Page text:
HC Deb 22 June 1855 vol 139 cc19-21

said, he had given notice of his intention; upon the Motion for the adjournment of the House to Monday, to move "That it is expedient that the office of Secretary of State for Scotland be reinstated"—[Cries of "Oh, oh!" and "Order!"


said, he rose to order. He thought it desirable that there should be some definite understanding with regard to, the question put by the right hon. Gentleman (Sir J. Pakington), and that some answer should be given to it by the noble Lord at the head of the Government.


I believe the hon. Member for Glasgow is quite in order, and it is just one of those inconveniences to the House arising from a great number of Motions being made on that one question of the adjournment of the House. The hon. Member for Glasgow is perfectly in order in rising to speak to that question.


again rose to address the House, when—


said, I rise to order. It appears by the notice on the paper that the hon. Gentleman does not rise to speak to the question of the adjournment of the House to Monday, but to bring forward a Motion of which he has given notice, but which I apprehend cannot be put by way of Amendment.


The hon. Member is perfectly in order in speaking to the question of adjournment. But, if when he closes his remarks on that subject, he makes this Motion by way of Amendment, it will be my duty to tell him that he can not move it.


said, he wished to speak upon the Motion for adjournment. He apprehended he was as much in order as the right hon. Gentleman, and he should not give way with the notice he had put upon the paper respecting the administration of public affairs in Scotland. [Cries of "Question."] If he were so interrupted he should certainly move the adjournment of the House, He should trouble the House very briefly on the subject; but if he were interrupted he should go into the most minute details. The offices of Secretary of State and Under Secretary of State for Scotland both existed until the year 1746, when the last Secretary of State was dismissed, though the office itself was not abolished. The Under Secretaryship was continued to a later period, and, in his opinion, should be revived, as, looking to the population, the industry, the wealth, and the intelligence of Scotland, there was obviously more business than the Lord Advocate could attend to without neglecting his own professional avocations. He therefore trusted Her Majesty's Government would take into consideration the necessity of doing for Scotland that which was necessary, and at once appoint an Under Secretary of State.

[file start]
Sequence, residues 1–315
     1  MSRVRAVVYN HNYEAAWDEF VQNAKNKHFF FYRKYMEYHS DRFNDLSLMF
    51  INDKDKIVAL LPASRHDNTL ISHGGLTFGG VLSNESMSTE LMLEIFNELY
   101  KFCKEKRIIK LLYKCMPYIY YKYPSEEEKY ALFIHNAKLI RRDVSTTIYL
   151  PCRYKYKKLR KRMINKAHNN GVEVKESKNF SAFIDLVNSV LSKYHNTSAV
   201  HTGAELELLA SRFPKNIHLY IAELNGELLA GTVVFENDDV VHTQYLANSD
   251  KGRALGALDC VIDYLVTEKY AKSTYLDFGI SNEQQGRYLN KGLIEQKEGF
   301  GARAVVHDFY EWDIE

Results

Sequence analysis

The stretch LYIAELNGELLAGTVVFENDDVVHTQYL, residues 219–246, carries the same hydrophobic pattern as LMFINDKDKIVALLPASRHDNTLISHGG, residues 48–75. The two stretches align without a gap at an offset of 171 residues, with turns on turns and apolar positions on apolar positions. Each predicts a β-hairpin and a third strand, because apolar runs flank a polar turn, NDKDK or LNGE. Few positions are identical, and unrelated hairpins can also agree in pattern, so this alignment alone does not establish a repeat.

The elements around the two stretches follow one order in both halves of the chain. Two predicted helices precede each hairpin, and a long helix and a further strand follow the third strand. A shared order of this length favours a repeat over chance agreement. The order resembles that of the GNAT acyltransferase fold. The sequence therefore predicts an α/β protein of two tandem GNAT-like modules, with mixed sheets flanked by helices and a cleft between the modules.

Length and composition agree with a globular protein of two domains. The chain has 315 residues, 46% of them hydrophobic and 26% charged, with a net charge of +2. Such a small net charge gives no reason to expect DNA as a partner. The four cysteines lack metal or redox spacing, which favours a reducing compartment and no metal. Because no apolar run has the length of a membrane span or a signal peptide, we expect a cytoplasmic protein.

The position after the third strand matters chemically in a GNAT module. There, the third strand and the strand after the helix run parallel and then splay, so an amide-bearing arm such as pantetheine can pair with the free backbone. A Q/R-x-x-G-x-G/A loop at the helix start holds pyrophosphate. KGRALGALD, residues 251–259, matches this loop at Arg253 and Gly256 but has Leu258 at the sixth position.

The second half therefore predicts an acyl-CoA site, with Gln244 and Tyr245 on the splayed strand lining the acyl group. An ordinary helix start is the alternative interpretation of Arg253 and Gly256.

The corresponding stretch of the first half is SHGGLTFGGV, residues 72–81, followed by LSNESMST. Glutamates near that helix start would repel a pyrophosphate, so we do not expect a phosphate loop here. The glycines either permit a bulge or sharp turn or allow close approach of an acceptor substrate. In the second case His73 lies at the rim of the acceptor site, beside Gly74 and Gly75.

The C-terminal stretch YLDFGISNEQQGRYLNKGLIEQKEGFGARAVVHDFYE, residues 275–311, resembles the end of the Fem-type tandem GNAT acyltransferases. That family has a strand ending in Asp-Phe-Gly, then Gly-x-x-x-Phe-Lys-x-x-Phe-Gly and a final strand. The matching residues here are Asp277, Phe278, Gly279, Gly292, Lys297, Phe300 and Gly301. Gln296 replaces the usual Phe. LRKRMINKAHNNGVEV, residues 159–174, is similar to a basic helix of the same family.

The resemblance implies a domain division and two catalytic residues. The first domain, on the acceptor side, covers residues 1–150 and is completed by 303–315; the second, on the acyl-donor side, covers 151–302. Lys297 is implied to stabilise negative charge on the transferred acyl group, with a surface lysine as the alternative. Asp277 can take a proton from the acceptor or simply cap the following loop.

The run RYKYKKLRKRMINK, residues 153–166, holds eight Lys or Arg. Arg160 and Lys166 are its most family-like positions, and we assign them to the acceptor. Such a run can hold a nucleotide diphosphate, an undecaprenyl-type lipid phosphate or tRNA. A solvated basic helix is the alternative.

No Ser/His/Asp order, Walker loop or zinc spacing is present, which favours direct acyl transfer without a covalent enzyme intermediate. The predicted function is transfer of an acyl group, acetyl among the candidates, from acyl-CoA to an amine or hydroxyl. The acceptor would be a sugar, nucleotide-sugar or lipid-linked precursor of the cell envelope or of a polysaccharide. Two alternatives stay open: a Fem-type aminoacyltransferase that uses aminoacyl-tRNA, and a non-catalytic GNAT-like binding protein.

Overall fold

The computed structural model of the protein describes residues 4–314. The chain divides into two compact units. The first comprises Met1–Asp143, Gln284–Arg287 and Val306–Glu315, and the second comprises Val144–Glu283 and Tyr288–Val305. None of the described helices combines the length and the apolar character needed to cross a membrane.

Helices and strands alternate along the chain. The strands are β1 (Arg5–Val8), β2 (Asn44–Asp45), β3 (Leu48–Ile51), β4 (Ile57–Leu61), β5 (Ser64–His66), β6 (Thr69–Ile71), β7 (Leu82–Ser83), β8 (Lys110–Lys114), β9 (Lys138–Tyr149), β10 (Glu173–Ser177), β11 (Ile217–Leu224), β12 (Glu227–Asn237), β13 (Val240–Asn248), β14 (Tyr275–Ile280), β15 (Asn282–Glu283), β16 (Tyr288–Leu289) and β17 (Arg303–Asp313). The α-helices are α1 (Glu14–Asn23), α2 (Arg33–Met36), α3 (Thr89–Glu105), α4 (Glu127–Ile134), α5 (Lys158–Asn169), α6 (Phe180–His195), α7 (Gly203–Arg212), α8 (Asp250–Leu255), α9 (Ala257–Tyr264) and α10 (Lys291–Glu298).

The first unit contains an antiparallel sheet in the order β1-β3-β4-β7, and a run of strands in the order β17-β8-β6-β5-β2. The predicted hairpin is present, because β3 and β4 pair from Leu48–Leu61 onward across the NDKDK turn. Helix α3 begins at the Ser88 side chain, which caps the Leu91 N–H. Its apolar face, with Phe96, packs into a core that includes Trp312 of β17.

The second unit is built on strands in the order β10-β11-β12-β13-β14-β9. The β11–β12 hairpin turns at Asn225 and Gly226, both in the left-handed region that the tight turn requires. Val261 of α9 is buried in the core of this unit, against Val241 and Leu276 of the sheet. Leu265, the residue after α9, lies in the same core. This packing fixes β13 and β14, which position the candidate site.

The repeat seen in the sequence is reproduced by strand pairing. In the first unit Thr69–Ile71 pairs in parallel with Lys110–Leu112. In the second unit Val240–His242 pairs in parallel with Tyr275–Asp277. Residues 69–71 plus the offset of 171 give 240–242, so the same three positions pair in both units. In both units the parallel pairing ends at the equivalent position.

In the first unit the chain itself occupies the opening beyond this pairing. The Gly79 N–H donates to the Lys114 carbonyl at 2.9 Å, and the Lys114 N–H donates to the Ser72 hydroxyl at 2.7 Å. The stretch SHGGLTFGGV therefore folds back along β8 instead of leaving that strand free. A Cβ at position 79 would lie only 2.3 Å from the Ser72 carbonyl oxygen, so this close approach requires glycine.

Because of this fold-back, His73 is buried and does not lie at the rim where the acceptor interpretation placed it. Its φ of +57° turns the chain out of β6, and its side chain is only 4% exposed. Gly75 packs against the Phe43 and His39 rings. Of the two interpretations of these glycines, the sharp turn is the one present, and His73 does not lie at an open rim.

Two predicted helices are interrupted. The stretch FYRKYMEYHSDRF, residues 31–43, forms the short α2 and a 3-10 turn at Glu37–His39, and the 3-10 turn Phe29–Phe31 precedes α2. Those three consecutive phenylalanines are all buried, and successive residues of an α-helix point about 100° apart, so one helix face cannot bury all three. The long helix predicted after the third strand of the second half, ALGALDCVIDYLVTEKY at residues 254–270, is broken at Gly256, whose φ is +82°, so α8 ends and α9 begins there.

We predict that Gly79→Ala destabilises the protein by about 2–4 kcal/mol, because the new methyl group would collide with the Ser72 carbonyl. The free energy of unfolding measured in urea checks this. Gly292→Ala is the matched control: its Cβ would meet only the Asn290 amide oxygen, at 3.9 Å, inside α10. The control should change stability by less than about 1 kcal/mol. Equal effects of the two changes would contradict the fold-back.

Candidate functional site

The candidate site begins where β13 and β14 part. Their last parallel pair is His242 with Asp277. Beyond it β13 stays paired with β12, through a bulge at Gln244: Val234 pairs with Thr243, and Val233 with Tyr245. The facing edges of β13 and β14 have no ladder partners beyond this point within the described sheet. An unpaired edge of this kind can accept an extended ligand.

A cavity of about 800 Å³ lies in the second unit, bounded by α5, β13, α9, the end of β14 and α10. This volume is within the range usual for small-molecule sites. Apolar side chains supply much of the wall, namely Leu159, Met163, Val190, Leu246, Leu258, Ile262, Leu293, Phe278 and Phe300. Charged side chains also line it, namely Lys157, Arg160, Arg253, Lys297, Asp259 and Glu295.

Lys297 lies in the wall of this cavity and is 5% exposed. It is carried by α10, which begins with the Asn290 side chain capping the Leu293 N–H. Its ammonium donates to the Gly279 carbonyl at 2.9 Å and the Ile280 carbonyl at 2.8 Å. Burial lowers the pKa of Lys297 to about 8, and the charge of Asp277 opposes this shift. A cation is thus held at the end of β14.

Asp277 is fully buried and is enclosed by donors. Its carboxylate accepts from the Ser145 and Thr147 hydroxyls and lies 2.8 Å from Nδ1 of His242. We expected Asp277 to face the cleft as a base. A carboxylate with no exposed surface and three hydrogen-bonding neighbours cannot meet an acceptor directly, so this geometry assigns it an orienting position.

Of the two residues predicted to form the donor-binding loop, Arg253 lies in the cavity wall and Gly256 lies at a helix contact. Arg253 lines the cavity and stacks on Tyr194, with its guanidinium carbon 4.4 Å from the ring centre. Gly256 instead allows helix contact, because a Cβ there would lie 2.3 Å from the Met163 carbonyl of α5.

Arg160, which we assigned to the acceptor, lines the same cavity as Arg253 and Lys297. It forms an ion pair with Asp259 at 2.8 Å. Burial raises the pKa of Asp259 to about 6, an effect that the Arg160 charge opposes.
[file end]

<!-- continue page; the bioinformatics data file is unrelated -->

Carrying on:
said, he had no doubt he should find a time and season to discuss the subject with his hon. Friend, but, as the House seemed fully agreed that it was impossible to carry on their legislative duties if such irregular discussions were raised on these occasions, he hoped they would excuse him if he did not enter on the discussion with his hon. Friend at the present moment.